Across Turkey and the Turkish diaspora around the world, wariness of the Diyanet, Turkey's Directorate of Religious Affairs, is growing. Amid an economic crisis in Turkey, this month journalists, activists, and politicians have condemned the enormous amount of money the Diyanet spends and the apparent corruption of its top officials. Critics also denounced the body's evolving efforts to impose "Islamization" on Turkey. ...
The United States of America is a key target for Turkish Islamist zeal. In April 2016, Erdoğan inaugurated one of the largest mosques in the United States. Funded by the Turkish government, the Diyanet Center of America (DCA) is a massive complex that sits on nearly 17 acres in Lanham, Maryland. Construction began in 2012, and the center was opened in 2016.
There is little oversight in the US regarding this type of foreign funding for religious institutions. In France, by contrast, the government regards such foreign state religious funding as a primary driver of Islamist radicalization and has imposed significant restrictions.
With the directive from Erdoğan's Act 6002, the enlarged and transnational Diyanet footed the $110 million bill for the American field office while Ankara anxiously awaited the projected power and prestige of controlling the most expensive mosque in the US, built just 15 miles from the heart of the nation's capital.
The DCA's registered 501(c) reports over $93 million of assets in its latest tax return.
In fact, today the DCA is among the wealthiest Islamic organizations across America, with its registered 501(c) reporting over $93 million of assets in its most recently filed tax return.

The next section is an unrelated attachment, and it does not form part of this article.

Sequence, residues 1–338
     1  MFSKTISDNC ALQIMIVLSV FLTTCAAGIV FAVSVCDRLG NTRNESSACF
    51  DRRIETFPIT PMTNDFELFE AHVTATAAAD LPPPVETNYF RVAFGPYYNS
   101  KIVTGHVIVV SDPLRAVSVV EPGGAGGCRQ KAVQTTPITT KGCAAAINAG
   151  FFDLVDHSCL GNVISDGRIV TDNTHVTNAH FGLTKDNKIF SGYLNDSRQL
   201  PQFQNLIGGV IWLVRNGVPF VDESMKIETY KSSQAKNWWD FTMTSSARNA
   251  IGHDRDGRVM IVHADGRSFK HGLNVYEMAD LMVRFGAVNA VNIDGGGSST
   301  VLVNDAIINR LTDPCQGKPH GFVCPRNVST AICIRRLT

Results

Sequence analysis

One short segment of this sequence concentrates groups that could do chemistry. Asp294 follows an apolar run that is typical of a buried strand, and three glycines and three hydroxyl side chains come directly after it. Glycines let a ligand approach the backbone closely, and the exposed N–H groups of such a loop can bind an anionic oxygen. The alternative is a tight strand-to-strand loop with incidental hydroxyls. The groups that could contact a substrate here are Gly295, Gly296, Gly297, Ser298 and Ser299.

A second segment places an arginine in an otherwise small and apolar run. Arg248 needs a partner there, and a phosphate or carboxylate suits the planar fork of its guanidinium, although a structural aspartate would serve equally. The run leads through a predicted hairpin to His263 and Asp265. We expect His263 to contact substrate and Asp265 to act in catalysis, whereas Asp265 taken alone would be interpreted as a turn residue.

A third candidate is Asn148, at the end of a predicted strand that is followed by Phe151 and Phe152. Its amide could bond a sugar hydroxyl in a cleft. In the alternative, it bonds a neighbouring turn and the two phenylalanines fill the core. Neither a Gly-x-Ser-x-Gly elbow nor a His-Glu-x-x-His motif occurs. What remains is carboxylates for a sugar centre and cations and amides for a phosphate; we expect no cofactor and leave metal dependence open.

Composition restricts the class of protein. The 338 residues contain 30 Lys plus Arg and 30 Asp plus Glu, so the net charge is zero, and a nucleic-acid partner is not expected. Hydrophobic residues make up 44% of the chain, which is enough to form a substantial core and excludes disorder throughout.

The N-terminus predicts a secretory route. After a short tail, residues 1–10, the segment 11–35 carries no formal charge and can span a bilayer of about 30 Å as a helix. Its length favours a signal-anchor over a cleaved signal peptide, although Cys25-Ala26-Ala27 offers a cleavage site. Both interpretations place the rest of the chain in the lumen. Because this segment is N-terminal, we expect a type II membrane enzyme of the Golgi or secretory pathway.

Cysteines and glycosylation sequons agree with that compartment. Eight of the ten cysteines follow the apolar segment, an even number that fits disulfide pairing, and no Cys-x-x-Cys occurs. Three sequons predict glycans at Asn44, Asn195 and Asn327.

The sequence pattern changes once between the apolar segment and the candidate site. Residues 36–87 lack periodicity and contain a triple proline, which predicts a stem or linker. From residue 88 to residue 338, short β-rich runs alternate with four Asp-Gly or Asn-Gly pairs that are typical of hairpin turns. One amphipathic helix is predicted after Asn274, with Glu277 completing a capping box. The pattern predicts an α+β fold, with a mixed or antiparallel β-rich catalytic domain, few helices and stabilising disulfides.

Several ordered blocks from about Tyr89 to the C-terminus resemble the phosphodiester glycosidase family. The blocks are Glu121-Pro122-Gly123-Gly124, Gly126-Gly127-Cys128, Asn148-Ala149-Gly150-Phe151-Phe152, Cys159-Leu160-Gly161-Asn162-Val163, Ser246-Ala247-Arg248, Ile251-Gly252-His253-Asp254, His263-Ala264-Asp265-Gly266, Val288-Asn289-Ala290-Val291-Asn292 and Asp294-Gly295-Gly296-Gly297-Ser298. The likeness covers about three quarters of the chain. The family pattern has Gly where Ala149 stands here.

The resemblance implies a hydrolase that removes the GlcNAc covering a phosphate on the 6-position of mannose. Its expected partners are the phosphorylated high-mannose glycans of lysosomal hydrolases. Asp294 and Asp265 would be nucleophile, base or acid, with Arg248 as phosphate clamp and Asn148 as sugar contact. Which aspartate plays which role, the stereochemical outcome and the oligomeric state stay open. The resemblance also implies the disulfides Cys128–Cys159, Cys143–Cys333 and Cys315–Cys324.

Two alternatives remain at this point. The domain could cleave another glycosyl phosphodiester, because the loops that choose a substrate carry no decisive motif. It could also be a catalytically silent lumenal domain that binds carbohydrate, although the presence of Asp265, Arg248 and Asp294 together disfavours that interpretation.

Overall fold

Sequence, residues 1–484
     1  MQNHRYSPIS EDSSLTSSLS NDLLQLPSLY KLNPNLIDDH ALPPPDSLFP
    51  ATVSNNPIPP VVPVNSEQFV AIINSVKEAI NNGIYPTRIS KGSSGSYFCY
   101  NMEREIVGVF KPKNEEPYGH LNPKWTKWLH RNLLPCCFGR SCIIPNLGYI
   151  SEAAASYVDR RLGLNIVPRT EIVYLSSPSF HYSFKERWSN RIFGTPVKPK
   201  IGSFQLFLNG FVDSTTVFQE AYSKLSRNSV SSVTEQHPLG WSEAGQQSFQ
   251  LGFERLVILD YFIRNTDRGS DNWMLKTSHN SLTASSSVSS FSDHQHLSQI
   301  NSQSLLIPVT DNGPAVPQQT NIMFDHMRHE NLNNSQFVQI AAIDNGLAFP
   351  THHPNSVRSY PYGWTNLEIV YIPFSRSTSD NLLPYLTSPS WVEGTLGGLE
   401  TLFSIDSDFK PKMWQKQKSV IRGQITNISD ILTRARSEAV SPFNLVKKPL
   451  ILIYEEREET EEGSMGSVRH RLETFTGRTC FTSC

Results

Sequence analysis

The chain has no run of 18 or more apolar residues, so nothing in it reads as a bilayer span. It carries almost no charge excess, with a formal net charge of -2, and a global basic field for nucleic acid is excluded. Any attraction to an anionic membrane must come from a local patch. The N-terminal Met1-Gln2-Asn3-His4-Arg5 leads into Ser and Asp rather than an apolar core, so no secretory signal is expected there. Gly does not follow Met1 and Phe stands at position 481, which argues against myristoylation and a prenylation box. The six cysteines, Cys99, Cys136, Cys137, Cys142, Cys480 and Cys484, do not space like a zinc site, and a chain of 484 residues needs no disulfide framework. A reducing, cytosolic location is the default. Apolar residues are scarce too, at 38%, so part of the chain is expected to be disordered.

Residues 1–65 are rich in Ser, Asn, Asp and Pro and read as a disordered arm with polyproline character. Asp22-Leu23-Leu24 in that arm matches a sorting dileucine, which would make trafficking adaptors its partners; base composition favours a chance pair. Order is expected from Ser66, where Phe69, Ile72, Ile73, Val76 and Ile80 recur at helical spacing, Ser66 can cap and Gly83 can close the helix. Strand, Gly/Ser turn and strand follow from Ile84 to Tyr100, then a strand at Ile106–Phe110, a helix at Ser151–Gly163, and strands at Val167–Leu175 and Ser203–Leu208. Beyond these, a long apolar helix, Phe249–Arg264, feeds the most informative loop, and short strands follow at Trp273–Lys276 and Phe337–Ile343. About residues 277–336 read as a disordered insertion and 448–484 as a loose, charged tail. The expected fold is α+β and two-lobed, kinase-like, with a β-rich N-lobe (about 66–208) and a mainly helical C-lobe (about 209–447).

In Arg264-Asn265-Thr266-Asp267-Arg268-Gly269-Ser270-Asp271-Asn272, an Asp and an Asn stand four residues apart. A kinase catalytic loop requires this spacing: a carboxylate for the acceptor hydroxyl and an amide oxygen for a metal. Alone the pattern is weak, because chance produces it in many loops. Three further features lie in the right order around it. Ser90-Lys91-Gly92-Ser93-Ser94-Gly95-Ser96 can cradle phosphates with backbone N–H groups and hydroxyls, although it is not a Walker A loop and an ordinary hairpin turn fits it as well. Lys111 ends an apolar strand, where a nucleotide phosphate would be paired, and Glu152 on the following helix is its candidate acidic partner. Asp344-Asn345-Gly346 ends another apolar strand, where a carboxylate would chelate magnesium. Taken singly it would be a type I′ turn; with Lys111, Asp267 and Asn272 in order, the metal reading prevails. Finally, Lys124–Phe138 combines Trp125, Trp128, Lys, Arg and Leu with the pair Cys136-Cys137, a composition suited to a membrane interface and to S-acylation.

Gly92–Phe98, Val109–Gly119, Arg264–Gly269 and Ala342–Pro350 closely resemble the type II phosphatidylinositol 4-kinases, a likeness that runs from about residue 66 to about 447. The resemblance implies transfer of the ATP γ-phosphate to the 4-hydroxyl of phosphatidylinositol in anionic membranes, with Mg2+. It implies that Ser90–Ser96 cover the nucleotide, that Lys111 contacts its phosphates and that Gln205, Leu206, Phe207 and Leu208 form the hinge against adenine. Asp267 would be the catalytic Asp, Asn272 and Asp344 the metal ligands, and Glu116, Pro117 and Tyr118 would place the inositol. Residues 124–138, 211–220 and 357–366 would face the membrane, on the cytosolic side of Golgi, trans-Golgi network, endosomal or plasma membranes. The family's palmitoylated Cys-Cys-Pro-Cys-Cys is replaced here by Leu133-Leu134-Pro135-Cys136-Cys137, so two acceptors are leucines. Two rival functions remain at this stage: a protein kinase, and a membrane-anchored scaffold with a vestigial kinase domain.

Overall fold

The DCA is not shy about its loyalty to the AKP and openly notes that it "works in full cooperation with the Diyanet"—all to spread the regime's particular strain of Islamism. In the West, Diyanet institutions also work with proxies and supporters of other Islamist movements supported by Ankara, such as the Egyptian Muslim Brotherhood.
The DCA is not shy about its loyalty to Turkey's ruling party.
For example, in the US, the DCA's research arm, the Diyanet Islamic Research Institute, openly partners with organizations such as the International Institute of Islamic Thought (IIIT), one of the most prominent Muslim Brotherhood institutions in the world.
The Diyanet also demands full endorsement of Erdoğan from its partners and congregants, and propagates the idea that all opponents of the AKP are "traitors." European governments have noticed the Diyanet's efforts to enforce loyalty to Ankara among European citizens, with Western officials criticizing Diyanet and AKP efforts to "conduct political propaganda in their mosques" outside Turkey.
Taking advantage of America's religiously tolerant society has clearly paid off for Erdoğan.
Taking advantage of America's diverse and religiously tolerant society was a careful, calculated move on Erdoğan's part. It has clearly paid off. For the last five years, the Turkish regime has been able to successfully run one of its largest government agencies—with zero restrictions—just a few miles from the US Capitol, and all under the guise of a religious cultural center.
However, the level of influence goes much deeper than an expensive mosque in Maryland. The DCA is the head of 28 other Diyanet branches across the United States. Every one of these 28 branches has a president that is unflinchingly loyal to Erdoğan and the AKP. Every so often, Diyanet officials from Turkey come to the DCA complex to hold events and meetings with Diyanet branch leaders from all across the United States.
As other analysts have noted, the DCA must surely be compelled to register under the Foreign Agents Restriction Act, which regulates agents of influence for foreign nations operating on American soil.